Aromas of broiling cheeses, roasting lamb, and baking spinach pies have filled Taste of Greece's dining area for more than 35 years, during which chefs haven't altered a single authentic recipe. Inside the restaurant, servers glide under arched white doorways, delivering plates of gyros, stuffed grape leaves, and kebabs. For dessert, patrons can dig into rice pudding or arrange pieces of honey-soaked baklava into chess openings atop blue tablecloths.
Cinelli's its menu of traditional Italian eats with an assortment of locally and organically grown ingredients. Broccoli rabe and melted fontina cheese ornament an appetizer of grilled beefsteak tomatoes ($7), piquing appetites and inspiring innovative Christmas-tree-decoration ideas. Chefs cover a plethora of 12-inch piada flatbreads with grilled chicken and fresh mozzarella ($8) or breaded and fried eggplant ($8). Black-tiger shrimp, string beans and sun-dried tomatoes tossed in garlic and oil brodetto slumber on a vegetable-infused risotto bed ($16), and 12-inch thin-crusted artisan pizzas topped with a variety of meats, cheeses, and veggies ($10+) nourish feasters in groups of two or three.
Elegance and comfort merge at Mio Posto, where white-linen-covered tables stand beneath a wall-mounted flat-screen TV. Here, the chefs whip up Italian specialties served family style, encouraging groups to share the heaping portions, or do what families do, and hoard them until it's time to read the will. The menu teems with traditional Italian entrees made from both housemade and imported pastas and sauces, including chicken marsala, veal sorrentino, and eggplant parmagiana. While dining, guests unwind to backdrop of live music on Wednesday–Fridays at both Hicksville and Oceanside locations.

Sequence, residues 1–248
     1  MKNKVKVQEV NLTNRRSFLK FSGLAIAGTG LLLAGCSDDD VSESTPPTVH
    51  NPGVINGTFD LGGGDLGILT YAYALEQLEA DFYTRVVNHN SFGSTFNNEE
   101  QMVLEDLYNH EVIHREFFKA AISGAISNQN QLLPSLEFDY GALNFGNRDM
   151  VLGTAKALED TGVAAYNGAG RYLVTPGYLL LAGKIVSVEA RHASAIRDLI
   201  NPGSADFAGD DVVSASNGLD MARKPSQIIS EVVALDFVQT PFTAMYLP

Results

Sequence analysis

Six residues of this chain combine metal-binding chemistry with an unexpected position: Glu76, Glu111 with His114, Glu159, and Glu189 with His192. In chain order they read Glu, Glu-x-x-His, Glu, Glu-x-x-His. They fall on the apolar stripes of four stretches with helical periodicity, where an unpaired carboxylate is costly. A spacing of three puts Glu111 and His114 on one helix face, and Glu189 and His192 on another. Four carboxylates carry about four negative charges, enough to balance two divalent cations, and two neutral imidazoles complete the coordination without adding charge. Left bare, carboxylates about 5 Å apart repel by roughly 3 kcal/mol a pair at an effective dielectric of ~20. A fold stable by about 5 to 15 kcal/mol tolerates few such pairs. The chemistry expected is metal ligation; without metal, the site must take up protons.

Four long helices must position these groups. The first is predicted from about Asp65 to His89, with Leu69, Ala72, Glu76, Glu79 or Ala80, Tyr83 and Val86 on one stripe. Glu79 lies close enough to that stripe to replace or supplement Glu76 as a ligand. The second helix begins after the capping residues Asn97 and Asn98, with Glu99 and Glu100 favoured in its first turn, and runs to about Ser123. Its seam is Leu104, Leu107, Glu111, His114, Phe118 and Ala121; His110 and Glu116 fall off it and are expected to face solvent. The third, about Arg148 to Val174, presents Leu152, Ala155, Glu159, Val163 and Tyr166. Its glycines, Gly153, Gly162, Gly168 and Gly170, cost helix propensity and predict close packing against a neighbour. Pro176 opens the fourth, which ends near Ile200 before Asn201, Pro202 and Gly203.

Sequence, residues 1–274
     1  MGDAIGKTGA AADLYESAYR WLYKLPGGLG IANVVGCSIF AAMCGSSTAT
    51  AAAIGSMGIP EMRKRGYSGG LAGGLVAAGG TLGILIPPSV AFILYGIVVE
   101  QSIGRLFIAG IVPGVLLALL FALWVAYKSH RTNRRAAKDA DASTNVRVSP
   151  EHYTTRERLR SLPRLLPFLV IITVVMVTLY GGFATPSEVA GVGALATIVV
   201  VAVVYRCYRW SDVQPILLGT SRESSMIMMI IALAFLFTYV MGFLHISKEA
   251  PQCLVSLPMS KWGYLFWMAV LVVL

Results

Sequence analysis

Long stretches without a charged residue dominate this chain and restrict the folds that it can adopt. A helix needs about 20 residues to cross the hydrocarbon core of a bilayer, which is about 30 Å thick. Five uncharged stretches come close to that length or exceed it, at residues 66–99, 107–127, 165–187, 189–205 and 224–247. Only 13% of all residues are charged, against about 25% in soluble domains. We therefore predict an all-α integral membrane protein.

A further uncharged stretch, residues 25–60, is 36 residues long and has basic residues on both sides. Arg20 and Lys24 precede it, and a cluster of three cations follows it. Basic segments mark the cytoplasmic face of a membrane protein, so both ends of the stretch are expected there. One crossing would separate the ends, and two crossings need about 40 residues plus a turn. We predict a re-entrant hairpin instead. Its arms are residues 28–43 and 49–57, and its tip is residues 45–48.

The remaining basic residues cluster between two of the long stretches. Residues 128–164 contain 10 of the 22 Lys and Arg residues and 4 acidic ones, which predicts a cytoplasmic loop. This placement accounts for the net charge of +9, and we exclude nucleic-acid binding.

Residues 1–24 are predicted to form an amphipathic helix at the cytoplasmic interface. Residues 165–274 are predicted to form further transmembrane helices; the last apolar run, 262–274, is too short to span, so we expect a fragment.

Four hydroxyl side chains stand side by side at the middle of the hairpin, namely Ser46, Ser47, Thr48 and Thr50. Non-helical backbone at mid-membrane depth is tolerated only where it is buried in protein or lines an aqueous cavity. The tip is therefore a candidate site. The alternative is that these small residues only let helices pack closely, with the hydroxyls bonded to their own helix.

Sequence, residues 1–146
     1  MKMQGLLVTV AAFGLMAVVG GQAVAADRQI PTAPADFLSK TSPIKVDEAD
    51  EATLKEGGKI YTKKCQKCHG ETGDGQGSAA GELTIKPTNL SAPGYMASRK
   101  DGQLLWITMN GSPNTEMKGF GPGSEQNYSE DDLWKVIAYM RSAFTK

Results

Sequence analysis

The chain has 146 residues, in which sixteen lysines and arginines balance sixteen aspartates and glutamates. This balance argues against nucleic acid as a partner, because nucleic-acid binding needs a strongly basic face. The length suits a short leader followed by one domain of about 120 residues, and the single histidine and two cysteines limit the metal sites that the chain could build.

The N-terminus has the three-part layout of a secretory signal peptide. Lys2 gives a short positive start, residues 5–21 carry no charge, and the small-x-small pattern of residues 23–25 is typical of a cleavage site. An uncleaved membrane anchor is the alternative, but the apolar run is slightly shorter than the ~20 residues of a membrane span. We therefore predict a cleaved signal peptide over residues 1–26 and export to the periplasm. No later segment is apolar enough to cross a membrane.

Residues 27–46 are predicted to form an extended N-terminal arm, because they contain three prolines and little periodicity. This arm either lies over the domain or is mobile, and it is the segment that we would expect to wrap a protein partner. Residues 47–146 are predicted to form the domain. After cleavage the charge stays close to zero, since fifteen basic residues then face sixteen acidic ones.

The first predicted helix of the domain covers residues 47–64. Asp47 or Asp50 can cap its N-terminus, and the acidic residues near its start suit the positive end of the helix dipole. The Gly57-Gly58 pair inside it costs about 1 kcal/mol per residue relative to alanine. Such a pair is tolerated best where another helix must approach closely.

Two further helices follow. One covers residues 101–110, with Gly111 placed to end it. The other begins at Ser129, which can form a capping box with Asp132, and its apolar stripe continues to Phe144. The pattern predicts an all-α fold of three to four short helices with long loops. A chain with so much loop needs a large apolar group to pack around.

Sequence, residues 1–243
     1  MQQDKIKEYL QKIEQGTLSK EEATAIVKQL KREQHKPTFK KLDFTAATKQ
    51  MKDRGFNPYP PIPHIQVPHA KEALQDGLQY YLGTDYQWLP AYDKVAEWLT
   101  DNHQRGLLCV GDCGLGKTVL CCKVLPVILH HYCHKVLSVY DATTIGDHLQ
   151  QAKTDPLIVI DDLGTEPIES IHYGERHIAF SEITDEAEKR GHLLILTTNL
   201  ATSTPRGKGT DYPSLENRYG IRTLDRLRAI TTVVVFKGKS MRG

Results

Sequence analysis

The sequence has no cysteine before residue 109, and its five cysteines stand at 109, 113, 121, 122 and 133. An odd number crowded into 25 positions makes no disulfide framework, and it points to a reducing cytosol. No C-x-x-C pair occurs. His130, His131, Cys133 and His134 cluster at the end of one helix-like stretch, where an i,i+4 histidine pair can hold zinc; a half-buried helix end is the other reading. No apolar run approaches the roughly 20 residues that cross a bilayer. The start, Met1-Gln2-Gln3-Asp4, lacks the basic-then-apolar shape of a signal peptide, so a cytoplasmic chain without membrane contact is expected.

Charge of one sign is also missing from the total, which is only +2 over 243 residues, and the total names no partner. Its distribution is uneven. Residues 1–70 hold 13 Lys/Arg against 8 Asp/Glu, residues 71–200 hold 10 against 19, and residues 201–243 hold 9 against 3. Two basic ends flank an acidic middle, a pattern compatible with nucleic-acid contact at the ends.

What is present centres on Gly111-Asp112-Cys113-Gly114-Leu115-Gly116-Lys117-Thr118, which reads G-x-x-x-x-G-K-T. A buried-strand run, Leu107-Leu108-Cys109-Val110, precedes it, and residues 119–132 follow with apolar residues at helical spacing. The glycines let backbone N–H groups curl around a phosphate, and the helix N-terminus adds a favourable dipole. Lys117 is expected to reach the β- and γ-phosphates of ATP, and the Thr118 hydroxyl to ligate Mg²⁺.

Volcano's Burger and Salads emulates bygone American diners’ swivel seats and milk shakes, but the restaurant’s menu—filled with a draft beer section and allusions to its eponymous topographical feature—embraces modern times too. French fries "erupt" with chili and cheese or dip into Volcanic Chili hot sauce alongside burgers such as the veggie Mt. St Helens, the Mt. Vesuvius with fried tomato and mozzarella, and the Lava burger, whose sauce and gorgonzola cheese cause patrons to lose the game if stepped on. The kitchen also prepares waldorf and caesar salads and blends caramel-peanut-butter shakes for dessert.
For 25 years, Long Island's crew has made bagels using an old-fashioned water-kettle approach, purveying the doughy treats well beyond their breakfast boundaries. A menu of breakfast edibles urges early eaters to slather an assortment of hand-rolled, freshly baked bagels ($0.90)—in varieties including poppy, onion, cinnamon raisin, and oat bran—with their choice of up to 17 creamy toppers ($1.75+) including vegetable, chocolate chip, and roasted garlic and herb. Coffee ($1.45+/12 oz.) gives nerves the jolt that early-morning fire breathing fails to provide, and french toast lightens spirits when drizzled in streams of liquefied giggles ($5.50). Lunch options allow midday munchers to fill their food processors with dishes including the Bubbalicious ($6.79)—made with fried chicken cutlets, melted mozzarella, bacon, and spicy barbecue sauce, all piled on top of a bagel—or the more heart-heartening bagel-embedded tuna fresco salad ($6.49).
When putting together his edible art, Unique Oceanside’s chef Andy Yang uses seafood-preparation methods from around the world, be it for his hot and cold tapas or for his sushi and European-style entrees. “It is hardly the only place around that mixes sushi and Japanese standards with Western dishes. … But Unique does it very well,” says Joanna Starkey in her New York Times review. Starkey particularly praises Yang’s crispy lobster dish, a pairing of Maine lobster with phyllo dough, as a small plate ideal for sharing.
Even main dishes such as duck confit and wasabi-bedecked chilean sea bass cannot escape his creative touches, which also extend to his sushi rolls. Chef Yang’s Monkey Jump roll tucks tuna in with sweet mango and fiery jalapeño and his Scottish Goat roll wraps Scottish salmon with creamy goat cheese for a flavor named after what was once the country’s biggest dance craze.